ERP systems have traditionally had a functionality-accessibility problem: ERP systems were highly functional, but not especially accessible – they normally required desktop fat-client applications for access, and these were often hamstrung by local access requirements, making applications far from mobile.
As internet architectures became more and more robust, the possibility of web browser-based ERP became a reality, with new ERP vendors designing and building their software around the browser, and legacy vendors systems hastening to retrofit their existing ERP systems to accommodate the browser-based future.
But this introduced a new problem – one of accessibility vs security: the high levels of availability increased the possibility that threat actors could access a company’s ERP system remotely, and cause havoc to company data.
Most load balancers make it relatively easy to have an app safely deployed publicly. Normally, you run a reverse proxy server that passes traffic to your web app. This obfuscates the info for the destination of the web app and basically acts as a secure gateway to the internal resource. At EstesGroup, P21 Web UI is protected by MFA via a reverse proxy to the identity provider as well. However, administration of the Prophet 21 application introduces additional challenges. The P21 web login page contains a gear icon.
If a P21 user clicks the gear, they can access the Middleware server URL value, along with its port.
This introduces several complications:
- It basically shows users a free shortcut around MFA. A clever user can copy and paste the Middleware URL and port into their browser and access the P21 application directly, avoiding the MFA.
- The Middleware server URL and port are resolved on the P21 client side of the P21 application when logging in. This means, even though the Load Balancer can reverse proxy to the internal resource, it’s not going to be able to resolve the specific Middleware server URL on the P21 client side to complete the P21 login.
To get around these challenges, you might initially think to expose the Prophet 21 Middleware server to the internet and add a public DNS entry for it. But to directly expose P21 Middleware servers to the internet in that manner is a monumental risk. Another option is required.
To address the above issue, we do the following:
- We create a middleware reverse proxy to direct traffic to the middleware servers.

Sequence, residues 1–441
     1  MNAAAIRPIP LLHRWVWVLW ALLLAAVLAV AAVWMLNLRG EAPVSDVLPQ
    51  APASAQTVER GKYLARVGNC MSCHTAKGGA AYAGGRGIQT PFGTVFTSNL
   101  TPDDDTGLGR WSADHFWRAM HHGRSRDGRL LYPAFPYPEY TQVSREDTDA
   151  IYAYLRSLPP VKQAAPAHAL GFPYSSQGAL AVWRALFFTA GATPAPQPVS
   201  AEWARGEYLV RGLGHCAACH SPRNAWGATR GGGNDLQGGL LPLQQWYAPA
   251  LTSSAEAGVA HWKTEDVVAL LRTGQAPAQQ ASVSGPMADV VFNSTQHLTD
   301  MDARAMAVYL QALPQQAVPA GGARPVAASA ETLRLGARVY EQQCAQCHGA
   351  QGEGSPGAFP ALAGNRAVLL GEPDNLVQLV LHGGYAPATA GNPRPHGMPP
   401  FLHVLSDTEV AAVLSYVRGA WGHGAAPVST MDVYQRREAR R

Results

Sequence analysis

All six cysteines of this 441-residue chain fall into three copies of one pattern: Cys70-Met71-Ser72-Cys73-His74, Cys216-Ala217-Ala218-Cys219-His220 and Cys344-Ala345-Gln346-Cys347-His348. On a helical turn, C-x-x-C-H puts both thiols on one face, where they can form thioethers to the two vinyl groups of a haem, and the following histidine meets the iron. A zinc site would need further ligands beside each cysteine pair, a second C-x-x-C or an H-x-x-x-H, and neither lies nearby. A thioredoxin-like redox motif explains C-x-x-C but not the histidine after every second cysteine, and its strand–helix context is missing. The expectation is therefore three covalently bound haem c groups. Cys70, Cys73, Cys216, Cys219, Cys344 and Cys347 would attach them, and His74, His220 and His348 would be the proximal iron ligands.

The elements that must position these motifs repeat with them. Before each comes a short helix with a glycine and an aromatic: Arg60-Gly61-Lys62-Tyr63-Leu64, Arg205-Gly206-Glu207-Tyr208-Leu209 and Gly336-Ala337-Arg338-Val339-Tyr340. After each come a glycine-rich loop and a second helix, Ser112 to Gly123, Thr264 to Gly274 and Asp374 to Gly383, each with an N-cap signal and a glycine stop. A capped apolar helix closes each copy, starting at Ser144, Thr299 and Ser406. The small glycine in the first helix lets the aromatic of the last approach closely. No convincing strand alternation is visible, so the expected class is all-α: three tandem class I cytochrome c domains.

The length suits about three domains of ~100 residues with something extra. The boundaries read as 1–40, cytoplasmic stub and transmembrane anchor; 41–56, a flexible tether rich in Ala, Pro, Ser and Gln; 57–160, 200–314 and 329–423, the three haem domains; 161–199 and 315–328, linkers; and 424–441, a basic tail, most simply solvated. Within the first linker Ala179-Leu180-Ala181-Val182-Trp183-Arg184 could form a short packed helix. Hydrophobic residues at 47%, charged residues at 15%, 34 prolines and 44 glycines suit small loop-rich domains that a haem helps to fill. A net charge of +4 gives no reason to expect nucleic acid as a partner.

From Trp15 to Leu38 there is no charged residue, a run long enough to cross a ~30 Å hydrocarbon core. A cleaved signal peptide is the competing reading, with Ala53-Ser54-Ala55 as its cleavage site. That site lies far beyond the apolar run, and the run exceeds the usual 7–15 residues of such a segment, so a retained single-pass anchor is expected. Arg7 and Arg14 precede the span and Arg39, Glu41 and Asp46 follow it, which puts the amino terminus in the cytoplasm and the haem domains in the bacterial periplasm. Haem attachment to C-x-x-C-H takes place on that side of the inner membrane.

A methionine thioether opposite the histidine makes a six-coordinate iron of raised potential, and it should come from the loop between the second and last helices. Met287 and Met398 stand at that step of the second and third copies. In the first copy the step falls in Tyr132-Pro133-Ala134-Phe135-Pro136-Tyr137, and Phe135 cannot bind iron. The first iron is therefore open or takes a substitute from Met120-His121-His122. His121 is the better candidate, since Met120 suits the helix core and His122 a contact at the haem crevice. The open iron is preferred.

- We direct the P21 Web configurations to use the middleware proxy for its respective Middleware Server.
- We then expose the reverse proxies to the internet, creating DNS records for each of them.
By exposing the Middleware server proxies to the internet through a public DNS instead of the middleware servers themselves, you add a line of defense to the servers, only passing that needed traffic and keeping P21 Middleware Servers from being directly internet-exposed.
Another advantage of reverse proxying is the ability to intercept direct-access attempts. Theoretically, one might try to plug in the Middleware proxy URLs publicly and get access to the P21 API or the P21 Web UI. The reverse proxy allows for the functionality to block certain endpoints, such as the API or web client. When a user sees the Middleware URL in the P21 login settings, if they try to get around MFA and plug that URL in, they get a lovely 403 page, keeping them out of the Middleware. Alternatively, you can also redirect them back to the Web UI home page.
While there are other solutions for increasing accessibility, such as accessing through a VPN, these can at times be unreliable. If you are a decentralized company, with remote employees all over the country, speeds over VPN can be less than ideal on many occasions. Obviously, there are certain risks to opening any resource to the internet. It’s important to consider the attack surface, and the associated risks. At EstesGroup, we isolate any resources open to the internet, and implement Antivirus, Firewalls, and Threat Protection for all endpoints. Along with that, oftentimes, Geofencing helps cut out a lot of noise on any resource open to the internet, to prevent overseas attackers using botnets.
Marshall Douglas, EstesGroup Systems Engineer